Dealing with Stress

Posted by Kristine Erdman, RN, CDE, CPT, CCM

We've all said it at one time or another: "I'm stressed out!" It's usually because we're feeling anxious, exhausted, pressured, or somehow not in control of our circumstances.

Recently I was worried about a big presentation I was preparing to give and my neck muscles felt stiff and sore. I thought, "Is this 'crick in my neck' stress?"

What exactly is stress and what does it do to our bodies?

Stress is the body's way of responding to any kind of demand. When we feel threatened, our nervous systems release hormones, including adrenaline, to help us deal with short-term challenges.

As a clinician, I know that stress can produce high blood pressure and an elevated heart rate. And ongoing stress may cause or worsen many long-term health issues, such as heart disease, digestive problems, depression, sleep problems, auto immune diseases, weight problems, and skin conditions.

Stress can trigger so many effects in our bodies. In working with people with diabetes, I know that stress can cause an increase in hormones. And these hormones can raise blood glucose levels as much as 200-300 extra points (mg/dL). To learn more about stress and diabetes, click here.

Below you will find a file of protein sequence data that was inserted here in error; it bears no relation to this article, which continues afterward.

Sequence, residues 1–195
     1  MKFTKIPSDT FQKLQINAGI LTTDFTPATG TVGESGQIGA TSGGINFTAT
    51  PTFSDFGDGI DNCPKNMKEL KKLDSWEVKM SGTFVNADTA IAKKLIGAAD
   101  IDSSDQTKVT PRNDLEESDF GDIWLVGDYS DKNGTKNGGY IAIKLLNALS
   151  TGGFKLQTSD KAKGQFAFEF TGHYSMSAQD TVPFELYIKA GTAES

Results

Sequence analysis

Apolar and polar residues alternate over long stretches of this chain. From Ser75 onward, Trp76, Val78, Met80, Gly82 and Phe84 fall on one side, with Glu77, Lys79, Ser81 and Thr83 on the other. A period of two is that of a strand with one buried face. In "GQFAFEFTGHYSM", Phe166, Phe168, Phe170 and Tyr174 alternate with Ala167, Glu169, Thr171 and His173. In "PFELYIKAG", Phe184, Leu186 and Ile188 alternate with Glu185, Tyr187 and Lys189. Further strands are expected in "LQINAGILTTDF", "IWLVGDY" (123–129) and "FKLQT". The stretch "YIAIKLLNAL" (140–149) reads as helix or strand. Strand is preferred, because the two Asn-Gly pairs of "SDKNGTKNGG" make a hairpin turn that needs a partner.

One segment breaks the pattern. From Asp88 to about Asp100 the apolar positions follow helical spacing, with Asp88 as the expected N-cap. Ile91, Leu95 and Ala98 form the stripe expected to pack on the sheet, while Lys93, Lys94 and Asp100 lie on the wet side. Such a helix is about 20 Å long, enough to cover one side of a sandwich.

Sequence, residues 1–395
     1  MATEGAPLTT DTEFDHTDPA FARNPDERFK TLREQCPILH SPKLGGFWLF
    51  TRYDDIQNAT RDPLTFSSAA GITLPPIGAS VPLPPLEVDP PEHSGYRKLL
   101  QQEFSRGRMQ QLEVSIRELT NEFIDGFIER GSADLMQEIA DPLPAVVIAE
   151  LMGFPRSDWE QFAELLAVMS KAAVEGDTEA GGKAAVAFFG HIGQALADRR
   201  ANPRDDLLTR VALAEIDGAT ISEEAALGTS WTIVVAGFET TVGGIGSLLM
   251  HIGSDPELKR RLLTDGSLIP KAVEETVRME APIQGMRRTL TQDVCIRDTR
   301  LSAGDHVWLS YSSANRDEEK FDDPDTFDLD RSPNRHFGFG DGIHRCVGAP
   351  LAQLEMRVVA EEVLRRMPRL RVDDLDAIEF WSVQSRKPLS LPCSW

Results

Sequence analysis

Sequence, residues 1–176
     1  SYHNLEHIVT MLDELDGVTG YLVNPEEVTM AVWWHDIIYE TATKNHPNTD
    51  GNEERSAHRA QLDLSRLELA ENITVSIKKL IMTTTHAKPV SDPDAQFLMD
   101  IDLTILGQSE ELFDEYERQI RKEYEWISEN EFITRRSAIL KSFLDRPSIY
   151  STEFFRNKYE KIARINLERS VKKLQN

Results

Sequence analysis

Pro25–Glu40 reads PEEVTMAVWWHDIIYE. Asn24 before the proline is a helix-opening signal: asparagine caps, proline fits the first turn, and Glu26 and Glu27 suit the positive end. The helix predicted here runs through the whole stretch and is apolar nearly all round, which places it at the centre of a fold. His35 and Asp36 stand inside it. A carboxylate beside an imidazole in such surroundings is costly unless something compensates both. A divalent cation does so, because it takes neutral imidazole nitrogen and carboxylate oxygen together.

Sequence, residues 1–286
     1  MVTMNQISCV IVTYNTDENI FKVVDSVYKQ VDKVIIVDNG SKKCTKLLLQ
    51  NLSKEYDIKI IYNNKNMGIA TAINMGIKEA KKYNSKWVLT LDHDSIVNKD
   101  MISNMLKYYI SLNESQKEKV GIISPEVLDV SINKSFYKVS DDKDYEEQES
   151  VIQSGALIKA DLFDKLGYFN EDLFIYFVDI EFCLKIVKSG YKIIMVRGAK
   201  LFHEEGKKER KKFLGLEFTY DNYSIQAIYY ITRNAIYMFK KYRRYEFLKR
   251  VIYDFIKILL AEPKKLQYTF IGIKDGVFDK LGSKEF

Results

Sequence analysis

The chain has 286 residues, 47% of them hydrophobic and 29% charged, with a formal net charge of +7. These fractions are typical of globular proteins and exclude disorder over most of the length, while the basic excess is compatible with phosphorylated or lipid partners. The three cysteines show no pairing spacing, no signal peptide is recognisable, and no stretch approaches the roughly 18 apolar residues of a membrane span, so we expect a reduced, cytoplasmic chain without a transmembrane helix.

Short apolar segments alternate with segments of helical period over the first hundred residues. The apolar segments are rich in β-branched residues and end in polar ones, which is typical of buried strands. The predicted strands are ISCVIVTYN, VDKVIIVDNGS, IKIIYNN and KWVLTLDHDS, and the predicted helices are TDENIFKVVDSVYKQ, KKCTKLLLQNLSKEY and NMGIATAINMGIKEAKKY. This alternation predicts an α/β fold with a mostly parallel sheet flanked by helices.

If you think you may be feeling the effects of stress, take this brief, anonymous stress screener.

What to do: I firmly believe the answer for each of us is to have a plan ready for when we feel the stress building. You need to know in advance what works for you.

Make sure your plan includes healthy options, so you don't reach for food, alcohol or pills. When you know what works and makes you feel better, you can use your personal stress relievers to bring your stress down quickly.

Here are a few ideas for personal stress relievers:

  • Listening to music
  • Taking a walk
  • Spending time in nature
  • Talking with a trusted listener
  • Getting a back or foot rub
  • Napping
  • Reading a book
  • Meditating
  • Praying
  • Playing with a pet

Choose three personal stress relievers and use one the next time you feel that "crick" in YOUR neck coming on.

The information provided within this site is for educational purposes only and is not a substitute for consultation with your physician or healthcare provider.

Photo of Kristine Erdman, RN, CDE, CPT, CCM

Kristine Erdman, RN, CDE, CPT, CCM

Kristine Erdman is a Registered Nurse, Certified Diabetes Educator, Certified Pump Trainer, Certified Case Manager, and Vice President of Clinical Services for CCS Medical.